Thursday, 27 August 2009

Quoits Anyone ?

The centre of any passenger ship society has to be the dinner table.

Over the years, the starched formality of crisp white "bum-freezered" officer uniforms has softened to a formal informality.

It has now been downgraded from Formality Level 10 to a 6.

If this was an American ship, I'm sure that it would be portrayed in colours as security levels are in the U.S.A

It could be downgraded from a red to a more subtle, orange.

The thing with "passy" ships is that you are marooned on a table with strangers for the entire voyage.

It really is a test of social survival.

Considering that dinner lasts for anything up to 2 hours, as courses come and go, thats a big chunk of anyones life.

On the first night out from the U.K, you get the initial surprise.

You either arrive at your allocated table in the dining room to find a solitary, empty chair, surrounded by a circle of expectant faces or, if you get in first, you choose your seat and have the faces arrive around you.

As I was eating with the passengers, my table was a complete surprise. The chair next to me, was removed by the waiter.

A middle aged lady and her husband arrived. She was wheelchair bound and unable to speak or cut her own food up.

They were accompanied by another couple from a different part of the U.K, who all meet up once a year to cruise together. They originally met on another ship and now maintain the tradition.

The lady in a wheelchair has a machine to help her communicate. She types in what she wants to say and the machine speaks the sentence for her. Unfortunately, nobody can hear her over the din of inane smalltalk, the clattering of knives and forks and the sound of dentures chomping.

"Looks can be deceiving".

I'm ashamed to say that I'm fallible and often forget to obey that well-worn idiom.

Another one is "to err is human".

As I write this, we have been at sea for 5 days and I've discovered a very special lady and her devoted husband.

Stricken by a severe stroke, a perfectly able and intelligent woman is now constrained by her own body of short circuits.

I've heard it said that people only see the wheelchair and not the person in it. How very true.

Their seemingly normal looking companions have proven to be initially pleasant, but internally flawed. Increasingly so, as the voyage deepens.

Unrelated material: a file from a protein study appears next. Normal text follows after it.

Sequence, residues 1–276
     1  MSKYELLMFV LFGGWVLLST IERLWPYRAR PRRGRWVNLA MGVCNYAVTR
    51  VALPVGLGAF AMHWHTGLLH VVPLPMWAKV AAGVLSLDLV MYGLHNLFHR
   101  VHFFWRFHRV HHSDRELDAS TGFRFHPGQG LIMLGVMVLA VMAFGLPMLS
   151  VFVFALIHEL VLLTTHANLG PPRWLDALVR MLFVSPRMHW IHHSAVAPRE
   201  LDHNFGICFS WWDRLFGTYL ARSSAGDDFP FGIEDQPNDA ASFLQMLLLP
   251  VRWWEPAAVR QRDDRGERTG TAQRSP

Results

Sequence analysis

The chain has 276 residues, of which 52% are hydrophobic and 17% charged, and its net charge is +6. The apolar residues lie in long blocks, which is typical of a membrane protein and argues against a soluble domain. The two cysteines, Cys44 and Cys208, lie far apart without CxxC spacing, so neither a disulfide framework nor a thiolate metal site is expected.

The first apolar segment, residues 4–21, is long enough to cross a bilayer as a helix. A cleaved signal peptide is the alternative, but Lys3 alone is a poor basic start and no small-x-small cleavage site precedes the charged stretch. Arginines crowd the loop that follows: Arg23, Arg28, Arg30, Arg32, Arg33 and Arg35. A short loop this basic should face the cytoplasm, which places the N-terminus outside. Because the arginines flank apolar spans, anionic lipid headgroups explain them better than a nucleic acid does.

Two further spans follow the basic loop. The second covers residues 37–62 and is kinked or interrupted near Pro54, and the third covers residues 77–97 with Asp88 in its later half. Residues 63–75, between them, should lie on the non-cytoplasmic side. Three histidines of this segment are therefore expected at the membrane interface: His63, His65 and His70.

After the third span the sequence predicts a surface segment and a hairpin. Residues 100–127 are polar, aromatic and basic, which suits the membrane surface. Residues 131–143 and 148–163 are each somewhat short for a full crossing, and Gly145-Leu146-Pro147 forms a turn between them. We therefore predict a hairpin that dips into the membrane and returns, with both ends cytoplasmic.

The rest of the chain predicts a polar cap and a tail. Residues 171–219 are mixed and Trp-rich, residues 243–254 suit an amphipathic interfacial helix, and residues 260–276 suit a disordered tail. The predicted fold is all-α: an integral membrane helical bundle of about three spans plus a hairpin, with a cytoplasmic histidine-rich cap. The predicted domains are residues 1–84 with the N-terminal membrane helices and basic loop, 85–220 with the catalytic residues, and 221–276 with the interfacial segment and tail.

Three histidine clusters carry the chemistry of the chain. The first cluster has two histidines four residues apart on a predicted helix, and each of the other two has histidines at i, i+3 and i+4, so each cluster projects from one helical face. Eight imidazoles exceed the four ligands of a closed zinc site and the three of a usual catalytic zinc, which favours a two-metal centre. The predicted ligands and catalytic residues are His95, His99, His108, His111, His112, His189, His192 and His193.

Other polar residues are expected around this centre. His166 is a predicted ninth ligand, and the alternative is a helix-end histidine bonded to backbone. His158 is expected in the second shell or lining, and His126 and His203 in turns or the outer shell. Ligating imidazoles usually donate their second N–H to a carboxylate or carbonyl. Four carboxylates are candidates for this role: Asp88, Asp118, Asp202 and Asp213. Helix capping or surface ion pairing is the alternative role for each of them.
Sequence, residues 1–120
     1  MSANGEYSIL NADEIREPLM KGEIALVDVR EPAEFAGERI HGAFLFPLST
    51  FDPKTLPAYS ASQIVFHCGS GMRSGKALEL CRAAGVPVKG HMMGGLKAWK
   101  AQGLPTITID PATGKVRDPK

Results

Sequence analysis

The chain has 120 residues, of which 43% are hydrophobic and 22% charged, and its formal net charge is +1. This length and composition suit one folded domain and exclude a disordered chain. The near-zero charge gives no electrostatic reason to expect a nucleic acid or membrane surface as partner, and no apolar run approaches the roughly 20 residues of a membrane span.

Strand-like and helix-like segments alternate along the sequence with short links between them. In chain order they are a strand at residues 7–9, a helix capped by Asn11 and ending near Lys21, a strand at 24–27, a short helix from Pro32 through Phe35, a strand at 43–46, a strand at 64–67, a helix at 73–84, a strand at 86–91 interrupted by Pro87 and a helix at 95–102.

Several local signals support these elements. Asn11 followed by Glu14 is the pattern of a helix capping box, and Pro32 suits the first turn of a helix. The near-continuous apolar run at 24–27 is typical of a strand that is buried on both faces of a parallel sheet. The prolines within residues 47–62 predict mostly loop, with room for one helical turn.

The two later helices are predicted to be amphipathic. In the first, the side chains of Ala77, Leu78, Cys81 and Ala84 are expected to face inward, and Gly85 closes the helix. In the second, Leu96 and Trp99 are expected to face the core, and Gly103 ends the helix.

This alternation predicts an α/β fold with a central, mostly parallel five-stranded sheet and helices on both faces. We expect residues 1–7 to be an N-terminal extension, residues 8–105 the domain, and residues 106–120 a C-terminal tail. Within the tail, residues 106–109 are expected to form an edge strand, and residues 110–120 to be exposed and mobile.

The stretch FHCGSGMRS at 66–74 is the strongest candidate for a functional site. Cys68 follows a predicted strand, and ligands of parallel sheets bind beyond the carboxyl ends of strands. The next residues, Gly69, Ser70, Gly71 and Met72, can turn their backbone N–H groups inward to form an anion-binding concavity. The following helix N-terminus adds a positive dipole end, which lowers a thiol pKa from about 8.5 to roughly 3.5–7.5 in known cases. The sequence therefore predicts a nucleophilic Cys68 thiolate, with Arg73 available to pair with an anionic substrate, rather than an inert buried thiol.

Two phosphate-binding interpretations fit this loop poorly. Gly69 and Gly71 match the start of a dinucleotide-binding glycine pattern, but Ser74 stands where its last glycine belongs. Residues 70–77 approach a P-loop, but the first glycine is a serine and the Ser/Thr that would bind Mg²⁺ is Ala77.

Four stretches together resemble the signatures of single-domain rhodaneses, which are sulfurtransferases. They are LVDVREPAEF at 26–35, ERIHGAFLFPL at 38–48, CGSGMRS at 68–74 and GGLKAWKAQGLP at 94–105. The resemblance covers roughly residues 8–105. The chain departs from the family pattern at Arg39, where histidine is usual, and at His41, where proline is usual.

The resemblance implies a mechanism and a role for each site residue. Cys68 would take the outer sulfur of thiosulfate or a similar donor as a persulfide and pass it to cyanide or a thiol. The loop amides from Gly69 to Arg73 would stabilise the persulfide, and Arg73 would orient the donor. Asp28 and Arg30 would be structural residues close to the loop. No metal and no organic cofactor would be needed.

Some ten hours of dinner talk later, the seething bed of psychological baggage is starting to rise from the depths of the beautiful couple. Obsessions about looks, money, status, all rise to the top.

The wit and bravery of the lady without a voice and her down to earth and hard working husband totally eclipse the beauties, like shining beacons on a sea of white linen.

Her humour which is shown on her LCD display for my eyes only, is rapier-like and keeps me calm and composed, in the social battlefield of lunge and riposte.

Ah well, its early days. 


Monday, 24 August 2009

Bangers in Chlorine Sauce

At sea again !

The photograph below shows the Jubilee Sailing Trust ship Tenacious at anchor off the Isle of Wight. She flys the signal flags RY which requests other vessels to minimise their wake.

Not surprising considering that the ship is equipped to carry a number of wheelchair users.  

I'm on another passenger ship, bound for Turkey.

Only this time, they made the serious mistake of letting me loose on 1800 fare-paying Brits.

That's like letting a fox loose in a chicken coop. Only chaos can ensue.

As we steam eastwards, 24 miles off the Algerian coast, the Brits play as only the Brits can.

It's still school holidays, so the normal geriatric complement of passengers and walking wounded is generously sprinkled with younger people and families.

Midlands and Black Country accents seem to be the most prevalent. 

I don't know if that's because they are numerically superior or just the most noticeable.

Looking down on the outdoor pool, out on the sun deck, the water is sloshing from end to end as the ships pitches into the easterly force 5.

Any stationary swimmer is moved two feet one way and then, two feet the other, just by the surface effect on the mass of water.

I've always wondered; are swimmers still swimmers when they stand stationary in the pool ?

Isn't floater a more accurate description ?

Probably, this is where the verb "to bathe" comes from.

Notices request that people shower before entering the pool.

In countries like Germany and Scandinavia, this is a way of life.

In the UK, Brits take no notice and just get in, after sweating it out in the noonday sun and liberally anointing themselves in factor 30.

A coconut oil slick adorns the surface of the pool.

The passengers stand, frying and sizzling, like bangers in a 30ft chlorine-filled frying pan, as the Mediterranean sun barbecues them golden brown.

Their ship-induced sloshing movement reminds me of the movement of the empty coke can, assorted bladderwrack seaweed and ripped Tesco's carrier bag that you always seem to see bobbing around the corner of any tidal harbour, the length and breadth of the U.K.  

Wednesday, 5 August 2009

Blogs - A Plague of Frogs

Blogs have been very topical recently, with quite a few boaters starting them.

I don't know whether its something to do with the disappointing weather or whether its the latest internet phenomenon, as Facebook and Twitter have been.

Some people do it as a form of therapy, some do it to be entertaining and lets be honest, some do it to make money from the Google adverts, which then offsets their boating costs.